In his lab at Penn, Vijay Kumar and his team build flying quadrotors, small, agile robots that swarm, sense each other, and form ad hoc teams — for construction, surveying disasters and far more.
Tim Berners: Lee on the next Web
20 years ago, Tim Berners-Lee invented the World Wide Web. For his next project, he’s building a web for open, linked data that could do for numbers what the Web did for words, pictures, video: unlock our data and reframe the way we use it together.
Andy Stanford-Clark: Innovation Begins at Home
Dr Andy Stanford-Clark is a Distinguished Engineer and Master Inventor at IBM UK. He specializes in technologies which are helping to make the planet smarter, by analysing and reacting to data from remote sensors.
John Barrett: The Internet of Things
Dr. John Barrett is Head of Academic Studies at the Nimbus Centre for Embedded Systems Research at Cork Institute of Technology (CIT) and Group Director of the Centre’s Smart Systems Integration Research Group. His research is focused on packaging, miniaturisation and embedding of smart systems in materials, objects and structures.
Arlen Nipper: The Internet of Things is Just Getting Started
Arlen Nipper has been designing embedded computer hardware and software for 33 years. Across his entire career, Arlen has been passionate about applying embedded computer technology to existing paradigm problems in the industrial controls and automation market sector.
David Cuartielles – Open Source Hardware
David is the creator and co-founder of Arduino, which is an open-source single-board microcontroller, descendant of the open-source Wiring Platform, designed to make the process of using electronics in multidisciplinary projects more accessible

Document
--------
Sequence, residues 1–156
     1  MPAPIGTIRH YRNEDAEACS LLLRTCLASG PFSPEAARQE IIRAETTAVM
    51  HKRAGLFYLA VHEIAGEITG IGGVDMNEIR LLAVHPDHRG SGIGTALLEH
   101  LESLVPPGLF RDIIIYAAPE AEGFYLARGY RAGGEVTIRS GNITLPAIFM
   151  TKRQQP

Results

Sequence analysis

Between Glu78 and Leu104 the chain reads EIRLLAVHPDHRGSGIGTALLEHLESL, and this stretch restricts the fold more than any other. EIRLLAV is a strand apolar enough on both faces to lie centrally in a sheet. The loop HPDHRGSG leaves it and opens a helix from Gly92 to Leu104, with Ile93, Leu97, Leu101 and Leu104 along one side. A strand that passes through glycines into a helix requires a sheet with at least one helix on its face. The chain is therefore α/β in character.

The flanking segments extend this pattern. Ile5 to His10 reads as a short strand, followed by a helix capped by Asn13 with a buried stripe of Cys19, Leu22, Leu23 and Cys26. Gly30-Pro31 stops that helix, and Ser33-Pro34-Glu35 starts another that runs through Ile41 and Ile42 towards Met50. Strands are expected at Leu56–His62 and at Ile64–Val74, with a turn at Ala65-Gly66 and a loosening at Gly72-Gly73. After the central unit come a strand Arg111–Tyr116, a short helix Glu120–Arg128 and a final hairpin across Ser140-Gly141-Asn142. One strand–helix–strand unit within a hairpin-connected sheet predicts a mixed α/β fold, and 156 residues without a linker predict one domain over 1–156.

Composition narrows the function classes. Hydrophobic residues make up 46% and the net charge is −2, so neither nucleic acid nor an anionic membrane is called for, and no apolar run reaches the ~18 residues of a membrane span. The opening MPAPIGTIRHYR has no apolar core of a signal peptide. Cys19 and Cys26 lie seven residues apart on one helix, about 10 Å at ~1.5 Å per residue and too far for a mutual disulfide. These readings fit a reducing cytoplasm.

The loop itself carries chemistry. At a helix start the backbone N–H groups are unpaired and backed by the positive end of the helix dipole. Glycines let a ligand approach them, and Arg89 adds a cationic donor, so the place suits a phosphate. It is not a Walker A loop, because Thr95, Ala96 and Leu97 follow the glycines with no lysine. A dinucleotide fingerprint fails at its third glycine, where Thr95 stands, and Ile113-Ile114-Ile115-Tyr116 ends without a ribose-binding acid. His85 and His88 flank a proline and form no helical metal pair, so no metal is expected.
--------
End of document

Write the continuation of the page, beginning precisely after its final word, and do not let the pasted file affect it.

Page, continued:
Rodolphe el-Khoury: Designing for the Internet of Things
As co-director of RAD Lab, el-Khoury researches architectural applications for information technology aiming for enhanced responsiveness and sustainability in buildings and cities.
The is just the beginning of what we hope will be a growing list of TED videos, and meaningful Internet of Things conversations. Let us know if you would like to add a video to this list in the comments section or on Twitter.
TelecomTV asks “What’s the difference between M2M and the Internet of Things?” Digi’s CTO, Joel Young and other experts help answer the question.
Joel Young explains how “M2M” and the “Internet of Things” do not acuurately describe the mission of improving the way businesses operate. “We’re not trying to create a new market, we’re just trying to solve business problems and make all of our businesses operate better. You have to start off with a real compelling business reason to deploy a connectivity solution. Once that solution is deployed and you have the connectivity in place, then you can look at other opportunities and other ways to leverage that connectivity for new exciting applications and solutions.”